Stoney, S., The statue
"The fate of animals is of greater importance to me than the fear of appearing ridiculous; it is indissolubly connected with the fate of men." ~ Emile Zola (French Novelist, Critic and Activist. 1840-1902)The fall of 2003 was a time of real stress with uncertainty about work, Nyssa's college, upcoming surgery, selling a house and getting ready for a high school graduation and a move half-way across the country.
One Saturday I stopped to get gas in my van at the Creekstone Chevron station near my home in Mississippi. It's one of those modern stations with fourteen pumping stations and a convenience store that charges twice the amount you would pay at a Winn Dixie for soft drinks and bread. Inside you can also buy Krispy Kreme doughnuts, get chicken at the fast food counter and leave your dry cleaning for pick up. Of course they have a car wash, these days most do.
I had finished filling the tank and was pulling out of the station. I had to stop to let a pick-up truck go in front. He had just pulled out of the car wash and water was draining from the truck bed and bumper. Behind the truck was a tiny black and white "thing". I say "thing" because you couldn't tell what it was. It took me a few seconds to figure out that this was a small animal and it looked like it was running after the truck; running out of the car wash. Maybe the poor little thing fell out of the pick-up or maybe they dumped it in the car wash.
Did I stop? Of course I did. All I had in the van was my white lab coat. The poor thing was just sitting there in front of the exit, another car was already in the bay and the highway was certain death, so I scooped the small calico up. She was too scared and lost to run. I had her back in the van wrapped in my lab coat before I ever thought "What am I going to do with her?" We already had six spoiled cats and I had already planned to move them to Virginia in only a month. I couldn't keep another cat.
I decided to figure that out later. Right now I needed a towel to dry her off and the nearest person I knew was Michele. She lived in a subdivision behind the station. Now, Michele loves cats, but she's VERY allergic so I was just going to borrow a towel and take the calico home. But she invited us in and her little girl, Miss Priss immediately fell for the kitten. So did Buster, her old Boston terrier. Buster is not completely right in the head, but he is sweet and he was lonely for company during the day. Of course, the kitten purred and curled herself up on Michele's lap to dry, falling asleep. I didn't mean for her to keep her, just let us use a towel. Really, now, she is allergic. Michele had all sorts of plans on how to keep her allergies at bay and by the time the "Best Husband" got home, it was settled; three votes for and he just gave in for the fourth vote. Yes, Buster had a vote.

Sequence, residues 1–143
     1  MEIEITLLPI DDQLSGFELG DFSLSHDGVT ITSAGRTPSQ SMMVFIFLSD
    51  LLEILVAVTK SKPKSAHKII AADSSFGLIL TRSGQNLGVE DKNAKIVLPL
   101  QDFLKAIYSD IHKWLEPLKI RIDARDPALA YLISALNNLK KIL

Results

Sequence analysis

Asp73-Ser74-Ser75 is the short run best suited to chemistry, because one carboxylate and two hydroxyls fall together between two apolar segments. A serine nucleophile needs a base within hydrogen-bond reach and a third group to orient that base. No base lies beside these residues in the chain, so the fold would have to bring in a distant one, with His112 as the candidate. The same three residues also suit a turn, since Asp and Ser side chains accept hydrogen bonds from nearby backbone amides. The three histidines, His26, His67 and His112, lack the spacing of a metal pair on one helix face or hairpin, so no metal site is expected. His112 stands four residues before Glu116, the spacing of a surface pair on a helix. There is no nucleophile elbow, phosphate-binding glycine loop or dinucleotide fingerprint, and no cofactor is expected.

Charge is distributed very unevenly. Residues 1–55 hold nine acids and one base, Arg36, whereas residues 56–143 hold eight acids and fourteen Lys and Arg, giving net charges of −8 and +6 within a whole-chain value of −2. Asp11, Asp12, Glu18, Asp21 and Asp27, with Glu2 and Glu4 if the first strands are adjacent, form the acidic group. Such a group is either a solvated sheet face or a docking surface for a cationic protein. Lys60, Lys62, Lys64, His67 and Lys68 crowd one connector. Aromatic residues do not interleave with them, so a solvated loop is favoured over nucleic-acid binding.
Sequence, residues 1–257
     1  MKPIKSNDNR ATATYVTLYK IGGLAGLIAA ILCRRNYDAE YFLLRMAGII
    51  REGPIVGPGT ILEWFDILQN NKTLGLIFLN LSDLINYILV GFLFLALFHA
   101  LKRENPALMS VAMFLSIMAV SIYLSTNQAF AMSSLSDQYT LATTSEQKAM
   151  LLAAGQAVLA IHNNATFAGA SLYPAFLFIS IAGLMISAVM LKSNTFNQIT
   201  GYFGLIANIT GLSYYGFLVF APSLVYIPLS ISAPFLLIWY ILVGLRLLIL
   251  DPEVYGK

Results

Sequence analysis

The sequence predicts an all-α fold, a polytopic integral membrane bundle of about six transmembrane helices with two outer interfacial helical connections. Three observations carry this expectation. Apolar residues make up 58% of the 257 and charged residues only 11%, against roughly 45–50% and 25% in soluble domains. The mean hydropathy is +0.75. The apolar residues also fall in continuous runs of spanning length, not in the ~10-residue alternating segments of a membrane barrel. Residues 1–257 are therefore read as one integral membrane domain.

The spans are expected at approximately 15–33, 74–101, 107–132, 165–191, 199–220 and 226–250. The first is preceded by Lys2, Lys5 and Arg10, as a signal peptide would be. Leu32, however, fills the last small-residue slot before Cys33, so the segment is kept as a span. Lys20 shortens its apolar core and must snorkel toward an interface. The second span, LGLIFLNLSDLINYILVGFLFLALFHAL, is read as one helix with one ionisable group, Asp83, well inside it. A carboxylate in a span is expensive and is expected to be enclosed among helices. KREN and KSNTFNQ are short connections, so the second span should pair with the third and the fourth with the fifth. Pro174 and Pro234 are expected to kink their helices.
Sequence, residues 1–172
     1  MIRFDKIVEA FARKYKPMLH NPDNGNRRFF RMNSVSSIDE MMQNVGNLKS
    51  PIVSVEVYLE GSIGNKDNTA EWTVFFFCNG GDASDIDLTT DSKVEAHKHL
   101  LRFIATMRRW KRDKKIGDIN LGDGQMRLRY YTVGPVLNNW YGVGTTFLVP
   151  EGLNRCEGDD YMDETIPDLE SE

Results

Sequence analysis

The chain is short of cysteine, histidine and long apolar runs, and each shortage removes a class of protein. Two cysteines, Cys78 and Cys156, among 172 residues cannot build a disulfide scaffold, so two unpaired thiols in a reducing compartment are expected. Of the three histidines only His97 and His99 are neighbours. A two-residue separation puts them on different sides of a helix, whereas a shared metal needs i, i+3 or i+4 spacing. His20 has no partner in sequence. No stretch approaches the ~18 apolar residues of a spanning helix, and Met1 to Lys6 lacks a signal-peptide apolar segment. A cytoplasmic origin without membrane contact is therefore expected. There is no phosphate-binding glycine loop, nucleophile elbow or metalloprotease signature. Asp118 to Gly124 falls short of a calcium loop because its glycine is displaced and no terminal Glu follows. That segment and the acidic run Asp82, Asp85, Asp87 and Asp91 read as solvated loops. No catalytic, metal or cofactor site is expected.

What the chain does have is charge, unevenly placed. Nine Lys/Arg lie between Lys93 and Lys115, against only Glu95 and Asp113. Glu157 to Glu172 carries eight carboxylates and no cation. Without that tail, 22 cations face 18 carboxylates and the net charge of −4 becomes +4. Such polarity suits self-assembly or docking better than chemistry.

She had to be named "Stoney" because she survived the Creekstone car wash. She and Miss Priss have fun playing and she teases Buster and he is so happy to have a playmate that he doesn't mind her tactics; but in reality, Stoney belongs to Michele. She wants to sit on her lap, on the back of the sofa near her and she responds to her call. Stoney has a marvelous home; safe from the outside hazards and full of love.
A kitten who survives the suds and spray of a car wash deserves no less, right?
Stoney dressed for the holidays.
Check out Friday's Ark this week and on Sunday, be sure to visit the Carnival of the Cats; hosted this Halloween weekend by Watermark.
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